Asher Noria brings double trouble to AASU
Published: Thursday, September 23, 2010
Updated: Thursday, September 23, 2010 11:09
"It is an adrenaline rush every time I smash the two clay targets," said Asher Noria.
Noria was named a member of the 36-man shooting squad for the Oct. 3-14 Commonwealth Games in New Delhi, India. The decision came on Aug. 31 by the National Rifle Association of India. Noria is a Junior World Champion and a world record holder in double trap shooting.
Double trap shooting is when two disks, called traps, simultaneously launch into the air, and the marksman must shoot down both targets. The shooter moves through five adjacent stations, shooting at one pair of targets. The shooter has the option of where and when he mounts his gun, although he may have it in position before he calls for the trap. The traps are voice-activated. They release on the shooter's call.
Noria was unable to be in India for the announcement because he was at AASU where he is a student. Noria is a freshman and a member of the NU pledge class of the Kappa Sigma fraternity.
"In a sense, when I am here, I like to be here," Noria said. "It is a different experience when I come here. It is nice."
Noria came to AASU purely for the Georgia Tech program, which is a link between AASU and the Georgia Institute of Technology. Noria plans to attend Georgia Tech next year to pursue a degree in engineering.
Noria's journey to the upcoming Commonwealth game was not easy. The list for potential team members was created three years ago.
Noria had an original spot on the squad. Since he was unable to attend due to his high school finals, he was bumped off the squad, as he did not have a place score. After he completed his finals, he was selected for the Junior World Cup, which he won in 2009. He was the first person ever to win the World Cup two years consecutively.
Ronjan Sodhi, Asher's mentor, gave him some words of encouragement during a rough spot between his first and second World Cup. "Never fall back on your previous accomplishments, always push to do better," he said. These words stuck with Noria as he claimed his second World Cup victory.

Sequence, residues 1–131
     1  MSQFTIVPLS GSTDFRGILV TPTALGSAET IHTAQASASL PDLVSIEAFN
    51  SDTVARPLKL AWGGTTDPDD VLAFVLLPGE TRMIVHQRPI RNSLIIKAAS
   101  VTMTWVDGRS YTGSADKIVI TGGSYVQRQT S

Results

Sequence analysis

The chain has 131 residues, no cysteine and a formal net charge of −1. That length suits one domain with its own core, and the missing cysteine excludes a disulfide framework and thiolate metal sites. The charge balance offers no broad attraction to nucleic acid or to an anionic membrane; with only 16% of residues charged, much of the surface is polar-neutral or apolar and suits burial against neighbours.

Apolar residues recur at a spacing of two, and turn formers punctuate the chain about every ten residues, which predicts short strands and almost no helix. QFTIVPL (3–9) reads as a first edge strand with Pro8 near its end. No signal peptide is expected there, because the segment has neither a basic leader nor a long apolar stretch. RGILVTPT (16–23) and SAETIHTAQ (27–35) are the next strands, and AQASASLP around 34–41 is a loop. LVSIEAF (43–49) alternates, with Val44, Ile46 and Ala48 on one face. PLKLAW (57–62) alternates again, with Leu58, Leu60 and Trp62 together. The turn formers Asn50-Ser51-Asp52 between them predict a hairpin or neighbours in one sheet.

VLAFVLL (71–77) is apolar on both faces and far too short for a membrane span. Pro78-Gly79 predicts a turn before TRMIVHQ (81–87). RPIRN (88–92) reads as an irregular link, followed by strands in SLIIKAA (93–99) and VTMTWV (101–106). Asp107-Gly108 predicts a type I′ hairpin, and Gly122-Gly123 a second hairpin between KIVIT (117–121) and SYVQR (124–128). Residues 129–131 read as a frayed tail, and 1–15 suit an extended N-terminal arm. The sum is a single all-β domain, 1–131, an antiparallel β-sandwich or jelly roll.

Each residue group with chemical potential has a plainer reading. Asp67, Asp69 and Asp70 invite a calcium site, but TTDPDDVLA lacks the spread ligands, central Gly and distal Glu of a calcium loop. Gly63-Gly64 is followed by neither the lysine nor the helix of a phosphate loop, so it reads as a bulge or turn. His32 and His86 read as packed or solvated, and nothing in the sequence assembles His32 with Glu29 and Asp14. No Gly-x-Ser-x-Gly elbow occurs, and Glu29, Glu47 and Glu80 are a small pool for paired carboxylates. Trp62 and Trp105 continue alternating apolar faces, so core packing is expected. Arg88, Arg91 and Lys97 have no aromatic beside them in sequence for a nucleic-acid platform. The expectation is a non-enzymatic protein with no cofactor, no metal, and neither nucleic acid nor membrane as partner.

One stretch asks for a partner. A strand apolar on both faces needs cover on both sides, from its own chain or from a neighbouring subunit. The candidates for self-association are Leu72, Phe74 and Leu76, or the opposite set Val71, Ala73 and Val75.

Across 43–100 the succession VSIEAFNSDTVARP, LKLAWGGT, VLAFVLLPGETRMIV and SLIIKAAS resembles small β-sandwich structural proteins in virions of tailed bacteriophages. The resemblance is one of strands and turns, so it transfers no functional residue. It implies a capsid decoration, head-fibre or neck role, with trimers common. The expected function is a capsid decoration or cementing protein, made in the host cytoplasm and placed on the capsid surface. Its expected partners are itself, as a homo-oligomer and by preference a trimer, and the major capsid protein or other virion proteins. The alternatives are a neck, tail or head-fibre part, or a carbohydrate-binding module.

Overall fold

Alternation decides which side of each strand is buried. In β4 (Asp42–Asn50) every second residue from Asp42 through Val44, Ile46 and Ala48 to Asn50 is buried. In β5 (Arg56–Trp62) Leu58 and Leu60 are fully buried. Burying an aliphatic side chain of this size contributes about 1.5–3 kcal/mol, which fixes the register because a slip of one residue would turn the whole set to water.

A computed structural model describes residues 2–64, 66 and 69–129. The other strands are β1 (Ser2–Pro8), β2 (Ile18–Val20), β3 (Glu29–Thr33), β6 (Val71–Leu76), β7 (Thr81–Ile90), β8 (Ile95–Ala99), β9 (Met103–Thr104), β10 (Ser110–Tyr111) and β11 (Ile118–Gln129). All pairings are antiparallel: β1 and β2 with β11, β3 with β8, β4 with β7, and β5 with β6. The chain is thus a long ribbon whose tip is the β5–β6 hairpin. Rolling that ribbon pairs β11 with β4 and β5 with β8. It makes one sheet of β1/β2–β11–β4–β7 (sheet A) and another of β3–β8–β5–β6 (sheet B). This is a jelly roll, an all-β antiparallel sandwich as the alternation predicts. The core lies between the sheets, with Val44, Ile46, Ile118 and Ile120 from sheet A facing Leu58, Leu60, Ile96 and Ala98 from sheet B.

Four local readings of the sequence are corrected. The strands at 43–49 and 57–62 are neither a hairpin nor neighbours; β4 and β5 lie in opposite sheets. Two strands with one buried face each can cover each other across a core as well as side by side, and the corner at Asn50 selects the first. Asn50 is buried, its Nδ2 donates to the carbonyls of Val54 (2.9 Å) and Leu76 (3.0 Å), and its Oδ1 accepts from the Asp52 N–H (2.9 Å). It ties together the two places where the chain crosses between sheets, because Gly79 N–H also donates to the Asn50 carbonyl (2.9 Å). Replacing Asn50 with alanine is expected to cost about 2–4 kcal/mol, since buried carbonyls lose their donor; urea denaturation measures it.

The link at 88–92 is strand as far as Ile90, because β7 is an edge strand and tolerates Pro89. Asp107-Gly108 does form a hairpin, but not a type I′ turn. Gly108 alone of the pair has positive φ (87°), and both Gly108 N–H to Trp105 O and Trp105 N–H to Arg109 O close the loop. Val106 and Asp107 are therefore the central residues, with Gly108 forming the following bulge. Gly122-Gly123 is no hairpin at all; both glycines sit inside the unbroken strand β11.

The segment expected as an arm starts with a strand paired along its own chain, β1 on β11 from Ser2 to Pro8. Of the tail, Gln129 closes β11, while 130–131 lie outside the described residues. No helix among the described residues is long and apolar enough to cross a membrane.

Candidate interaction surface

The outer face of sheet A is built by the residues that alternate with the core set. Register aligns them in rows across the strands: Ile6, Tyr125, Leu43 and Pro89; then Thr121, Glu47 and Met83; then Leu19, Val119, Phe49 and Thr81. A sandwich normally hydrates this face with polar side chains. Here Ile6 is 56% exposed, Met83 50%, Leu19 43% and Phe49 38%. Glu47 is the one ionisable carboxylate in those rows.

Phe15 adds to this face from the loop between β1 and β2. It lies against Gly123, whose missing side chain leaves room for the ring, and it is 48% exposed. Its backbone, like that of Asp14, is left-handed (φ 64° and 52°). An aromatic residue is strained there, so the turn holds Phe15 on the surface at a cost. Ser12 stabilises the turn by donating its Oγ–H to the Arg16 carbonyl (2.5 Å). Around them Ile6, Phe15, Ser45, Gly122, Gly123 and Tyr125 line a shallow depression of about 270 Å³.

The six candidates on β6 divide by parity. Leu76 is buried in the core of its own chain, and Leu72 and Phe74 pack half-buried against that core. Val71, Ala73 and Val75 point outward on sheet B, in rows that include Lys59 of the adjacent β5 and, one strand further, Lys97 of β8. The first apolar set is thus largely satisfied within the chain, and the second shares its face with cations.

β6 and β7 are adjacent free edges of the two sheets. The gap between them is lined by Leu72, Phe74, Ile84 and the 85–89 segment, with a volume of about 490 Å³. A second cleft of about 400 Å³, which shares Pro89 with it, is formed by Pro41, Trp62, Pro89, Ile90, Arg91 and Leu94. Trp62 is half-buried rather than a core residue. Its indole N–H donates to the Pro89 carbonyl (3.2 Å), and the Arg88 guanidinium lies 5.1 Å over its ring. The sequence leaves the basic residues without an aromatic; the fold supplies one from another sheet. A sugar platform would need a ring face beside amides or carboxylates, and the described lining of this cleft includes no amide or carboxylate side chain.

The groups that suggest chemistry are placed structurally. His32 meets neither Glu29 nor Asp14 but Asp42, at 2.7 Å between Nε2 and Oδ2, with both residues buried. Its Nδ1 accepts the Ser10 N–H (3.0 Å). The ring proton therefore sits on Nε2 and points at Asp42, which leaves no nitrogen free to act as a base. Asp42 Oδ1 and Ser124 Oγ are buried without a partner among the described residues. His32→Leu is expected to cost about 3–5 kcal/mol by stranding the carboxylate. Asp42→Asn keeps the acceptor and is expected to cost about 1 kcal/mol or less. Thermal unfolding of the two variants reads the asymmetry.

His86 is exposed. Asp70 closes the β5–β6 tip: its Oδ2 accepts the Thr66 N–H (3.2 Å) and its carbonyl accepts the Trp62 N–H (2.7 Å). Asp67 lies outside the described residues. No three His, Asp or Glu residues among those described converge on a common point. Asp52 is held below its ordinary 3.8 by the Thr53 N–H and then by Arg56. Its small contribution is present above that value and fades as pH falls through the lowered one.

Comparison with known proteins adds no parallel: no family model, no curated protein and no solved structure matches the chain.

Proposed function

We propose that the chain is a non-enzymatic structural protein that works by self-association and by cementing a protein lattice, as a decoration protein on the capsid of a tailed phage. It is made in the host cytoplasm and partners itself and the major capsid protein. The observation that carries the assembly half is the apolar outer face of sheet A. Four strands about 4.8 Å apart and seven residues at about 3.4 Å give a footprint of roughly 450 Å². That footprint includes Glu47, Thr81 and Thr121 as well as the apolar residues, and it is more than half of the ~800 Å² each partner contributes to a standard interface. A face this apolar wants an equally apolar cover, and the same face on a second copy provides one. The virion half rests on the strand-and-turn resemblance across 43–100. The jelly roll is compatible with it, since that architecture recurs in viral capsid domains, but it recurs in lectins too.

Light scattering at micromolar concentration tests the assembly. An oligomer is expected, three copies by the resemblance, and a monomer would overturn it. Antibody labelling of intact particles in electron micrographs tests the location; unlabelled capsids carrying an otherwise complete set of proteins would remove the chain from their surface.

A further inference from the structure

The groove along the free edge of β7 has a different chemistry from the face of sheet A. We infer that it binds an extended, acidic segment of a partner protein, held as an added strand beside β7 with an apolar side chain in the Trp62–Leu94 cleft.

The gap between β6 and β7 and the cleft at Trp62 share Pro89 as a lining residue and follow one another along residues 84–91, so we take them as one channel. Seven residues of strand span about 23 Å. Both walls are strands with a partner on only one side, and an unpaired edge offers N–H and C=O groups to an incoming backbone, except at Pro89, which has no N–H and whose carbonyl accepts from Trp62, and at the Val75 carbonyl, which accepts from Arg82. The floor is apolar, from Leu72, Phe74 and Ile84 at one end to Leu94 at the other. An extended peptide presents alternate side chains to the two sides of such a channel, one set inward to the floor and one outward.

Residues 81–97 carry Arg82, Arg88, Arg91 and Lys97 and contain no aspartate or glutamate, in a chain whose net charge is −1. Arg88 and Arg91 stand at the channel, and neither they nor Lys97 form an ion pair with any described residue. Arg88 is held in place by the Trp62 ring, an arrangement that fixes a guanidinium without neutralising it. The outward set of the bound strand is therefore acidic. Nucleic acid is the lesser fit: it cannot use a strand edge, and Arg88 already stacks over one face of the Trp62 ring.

"I know how it feels to lose on the last target as well as win on the last target," Noria said.
He hit his last targets to tie, and then proceeded to win the shoot-off and claim the gold for his second time consecutively at the Junior World Cup.
His spot on the India squad for the Commonwealth Games looked better after his win at the 2009 World Cup. Noria's favorite event was the recent 50th Shooting World Championship in Munich, Germany, during August. He took home the gold and set the world record score 146/150.
After his win in Munich, Noria was back in Hyderabad, India, to pack and make his way to AASU.
Noria has seen many wins in his eight years as a shooter, but he has also seen his fair share of disappointments.
"To be able to suppress the nervousness and just focus on your goal is something really challenging," he said. "Shooting is a mental sport. You need to be there the whole time. Otherwise, it will just slip by you."
"To stand up on the podium and look at my flag on top of the others and to hear my national anthem – it doesn't get better than that," he said. "After a hard competition and you get to see that all the effort for so many years was worthwhile – makes it all worth it."
Noria has left the U.S. for the Commonwealth Games. He will be competing Oct. 6-7 in the double trap category of the Commonwealth Games. He is excited about the location, as he has shot many events before in New Delhi.
"It is like I have home field advantage," he said. "I will be there on the 24 practicing."